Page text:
Can a Patent Trial and Appeal Board decision be appealed?

Can a Patent Trial and Appeal Board decision be appealed?

A patent is a set of exclusive rights granted to the inventor of a new invention.  An inventor gains patent protection for their invention in the United states by filing a patent application with the United States Patent and Trademark Office.  A patent examiner is assigned by the United States Patent and Trademark Office to review a patent application and ensure that the application meets all the patent law requirements.  A patent application must meet several requirements for a patent to be granted but the fundamental requirements are that the invention is new, useful and not obvious.  An invention is obvious if the differences between the subject matter sought to be patented and the prior art are such that the subject matter as a whole would have been obvious at the time a patent application is filed describing the invention. Prior art is anything known to a person skilled in the field of technology to which the patent is related.   If an invention is described in a piece of prior art then the invention is obvious.  Also if multiple pieces of prior art combined describe the features of an invention and a motivation to combine the prior art can be demonstrated, the invention is considered obvious.  If prior art cannot be found which describes all the aspects of an invention, then the invention is not considered obvious and (assuming all the other requirements are met) the patent can be granted.

Once a patent is granted, it is not immune from attack on the grounds of obviousness.  Any member of the public can institute an Inter Partes Review of a patent based on sections 35 U.S.C. § 102 (novelty requirement) and 35 U.S.C. § 103 (nonobviousness requirement).  An Inter Partes Review is a trial proceeding conducted at the Patent Trial and Appeal Board to review the patentability of one or more claims of an issued patent.  The Patent Trial and Appeal Board can accept new prior art from the public and modify or cancel a patent based on that prior art.

If a patent owner does not like a decision from the Patent Trial and Appeal Board, they can appeal the ruling to the Court of Appeals for the Federal Circuit.  Whether the opposing party may appeal a Patent Trial and Appeal Board decision is a more complex question.  Frequently, an Inter Partes Review is initiated by a defendant in a patent infringement case because the Patent Trial and Appeal Board move much faster than a federal court.  The defendant can get the patent invalidated faster and the patent infringement case dismissed.  In that case if the defendant does not like the Patent Trial and Appeal Board’s decision, they can appeal the decision to the Federal Circuit.  However, Inter Partes Review can be initiated by any member of the public at any time.  If a petitioner does not like a Patent Trial and Appeal Board decision, but there is no litigation related to the Inter Partes Review can the petitioner appeal?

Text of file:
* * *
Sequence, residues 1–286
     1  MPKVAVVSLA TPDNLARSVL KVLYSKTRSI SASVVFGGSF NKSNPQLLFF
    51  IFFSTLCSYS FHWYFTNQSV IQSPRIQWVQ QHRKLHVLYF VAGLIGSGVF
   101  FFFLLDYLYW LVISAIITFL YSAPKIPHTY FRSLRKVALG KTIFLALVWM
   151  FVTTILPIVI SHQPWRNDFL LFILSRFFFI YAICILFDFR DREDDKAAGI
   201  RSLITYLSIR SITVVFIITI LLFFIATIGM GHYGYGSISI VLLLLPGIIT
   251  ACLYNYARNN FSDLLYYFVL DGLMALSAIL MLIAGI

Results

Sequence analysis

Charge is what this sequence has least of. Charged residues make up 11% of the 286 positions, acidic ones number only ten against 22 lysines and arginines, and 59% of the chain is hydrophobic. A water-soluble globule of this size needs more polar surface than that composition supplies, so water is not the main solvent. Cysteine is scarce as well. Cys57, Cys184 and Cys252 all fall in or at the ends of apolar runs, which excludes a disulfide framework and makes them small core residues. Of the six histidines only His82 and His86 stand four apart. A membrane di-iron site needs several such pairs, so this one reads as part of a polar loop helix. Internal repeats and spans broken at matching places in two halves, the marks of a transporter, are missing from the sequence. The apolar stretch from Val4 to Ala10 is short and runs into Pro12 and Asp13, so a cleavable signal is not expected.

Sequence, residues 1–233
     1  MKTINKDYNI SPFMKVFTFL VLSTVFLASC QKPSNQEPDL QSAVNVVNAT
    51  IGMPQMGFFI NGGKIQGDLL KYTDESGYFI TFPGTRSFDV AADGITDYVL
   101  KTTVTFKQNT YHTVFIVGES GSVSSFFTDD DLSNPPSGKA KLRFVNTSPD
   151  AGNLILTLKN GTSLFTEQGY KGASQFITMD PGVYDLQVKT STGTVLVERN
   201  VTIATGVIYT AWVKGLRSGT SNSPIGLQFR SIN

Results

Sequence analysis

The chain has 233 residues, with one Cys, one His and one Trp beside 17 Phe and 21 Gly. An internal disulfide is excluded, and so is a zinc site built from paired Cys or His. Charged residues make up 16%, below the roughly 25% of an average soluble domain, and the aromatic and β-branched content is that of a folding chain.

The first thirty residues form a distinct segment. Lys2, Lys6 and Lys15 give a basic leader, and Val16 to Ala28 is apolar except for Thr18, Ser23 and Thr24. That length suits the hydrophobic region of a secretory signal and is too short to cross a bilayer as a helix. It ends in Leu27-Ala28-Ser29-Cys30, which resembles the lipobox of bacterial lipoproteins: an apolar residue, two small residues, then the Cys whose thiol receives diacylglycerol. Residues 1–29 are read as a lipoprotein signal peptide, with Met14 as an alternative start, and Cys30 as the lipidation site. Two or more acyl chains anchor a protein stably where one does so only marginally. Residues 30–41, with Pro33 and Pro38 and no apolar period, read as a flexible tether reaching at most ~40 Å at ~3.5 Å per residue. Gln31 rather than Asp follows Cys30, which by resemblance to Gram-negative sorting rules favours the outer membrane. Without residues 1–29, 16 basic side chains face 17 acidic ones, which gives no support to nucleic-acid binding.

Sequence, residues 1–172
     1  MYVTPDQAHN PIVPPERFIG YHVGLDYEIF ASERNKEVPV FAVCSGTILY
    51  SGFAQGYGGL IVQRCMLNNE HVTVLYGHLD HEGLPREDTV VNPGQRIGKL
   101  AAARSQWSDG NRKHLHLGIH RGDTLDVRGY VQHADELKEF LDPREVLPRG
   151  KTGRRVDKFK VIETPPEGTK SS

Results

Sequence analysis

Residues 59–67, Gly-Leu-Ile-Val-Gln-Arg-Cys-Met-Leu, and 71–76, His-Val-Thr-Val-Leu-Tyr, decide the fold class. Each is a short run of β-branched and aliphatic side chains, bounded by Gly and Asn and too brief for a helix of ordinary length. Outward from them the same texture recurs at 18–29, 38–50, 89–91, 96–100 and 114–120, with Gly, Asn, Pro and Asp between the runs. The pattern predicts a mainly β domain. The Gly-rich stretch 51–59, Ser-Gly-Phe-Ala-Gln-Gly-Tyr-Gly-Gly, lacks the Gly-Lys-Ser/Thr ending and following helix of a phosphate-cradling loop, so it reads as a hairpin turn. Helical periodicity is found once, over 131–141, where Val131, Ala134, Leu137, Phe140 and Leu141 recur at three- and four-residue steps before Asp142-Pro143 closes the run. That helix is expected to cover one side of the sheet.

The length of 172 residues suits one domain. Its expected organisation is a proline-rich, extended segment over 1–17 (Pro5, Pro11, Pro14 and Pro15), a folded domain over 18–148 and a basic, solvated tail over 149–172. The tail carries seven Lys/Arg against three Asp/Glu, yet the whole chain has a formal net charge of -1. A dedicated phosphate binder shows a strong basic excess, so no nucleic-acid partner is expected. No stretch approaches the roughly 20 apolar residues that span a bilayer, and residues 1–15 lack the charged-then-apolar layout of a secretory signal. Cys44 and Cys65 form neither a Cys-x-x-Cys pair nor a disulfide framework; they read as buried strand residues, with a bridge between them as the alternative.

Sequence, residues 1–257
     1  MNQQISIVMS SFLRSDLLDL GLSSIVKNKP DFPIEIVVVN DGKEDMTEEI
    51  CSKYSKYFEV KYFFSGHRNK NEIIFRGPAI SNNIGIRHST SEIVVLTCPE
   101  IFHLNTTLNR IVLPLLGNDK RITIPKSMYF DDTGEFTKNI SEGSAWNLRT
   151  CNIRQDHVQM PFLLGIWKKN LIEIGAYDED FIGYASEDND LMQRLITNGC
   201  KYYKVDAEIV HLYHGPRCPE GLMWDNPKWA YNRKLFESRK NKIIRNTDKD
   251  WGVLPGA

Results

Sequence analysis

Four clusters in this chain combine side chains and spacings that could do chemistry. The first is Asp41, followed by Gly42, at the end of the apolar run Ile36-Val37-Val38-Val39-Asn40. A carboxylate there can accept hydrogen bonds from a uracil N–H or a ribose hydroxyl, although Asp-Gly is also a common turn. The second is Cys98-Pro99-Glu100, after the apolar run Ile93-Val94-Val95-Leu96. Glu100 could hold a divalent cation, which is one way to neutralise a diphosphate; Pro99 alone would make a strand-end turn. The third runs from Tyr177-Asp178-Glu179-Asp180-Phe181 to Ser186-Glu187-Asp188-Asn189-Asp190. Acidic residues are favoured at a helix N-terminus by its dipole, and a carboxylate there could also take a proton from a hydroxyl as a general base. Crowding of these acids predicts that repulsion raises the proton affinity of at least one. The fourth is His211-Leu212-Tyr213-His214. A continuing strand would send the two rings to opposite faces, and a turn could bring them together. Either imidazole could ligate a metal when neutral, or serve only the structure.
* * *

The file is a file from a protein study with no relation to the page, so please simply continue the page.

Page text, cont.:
A case which deals with this exact issue is GENERAL ELECTRIC v. UNITED TECHNOLOGIES, 2017-2497 (CAFC 2019).  GE petitioned the United States Patent Trial and Appeal Board for inter partes review of U.S. Patent No. 8,511,605. United Technologies Corporation is the assignee of the patent. The Patent Trial and Appeal Board found the claims not obvious in view of the prior art. GE appealed the decision the the Court of Appeals for the Federal Circuit. UTC asserted that GE lacked standing because it failed to demonstrate a sufficient injury in fact.

The Federal Circuit discussed the general rule related to standing: To establish standing, an appellant must have suffered an injury in fact that has a nexus to the challenged conduct and that can be ameliorated by the court. The appellant has the burden to demonstrate that they have standing.  The Federal Circuit noted that, aside from a broad claim of research and development expenditures, GE has provided no evidence that these expenses were caused by UTC’s patent. Therefore, GE’s broad claim of economic loss is insufficient to confer standing.

The Federal Circuit held that GE failed to demonstrate that it was injured by the Patent Trial and Appeal Board’s ruling, therefore GE did not have standing to appeal the case.  The Federal Circuit dismissed the appeal.

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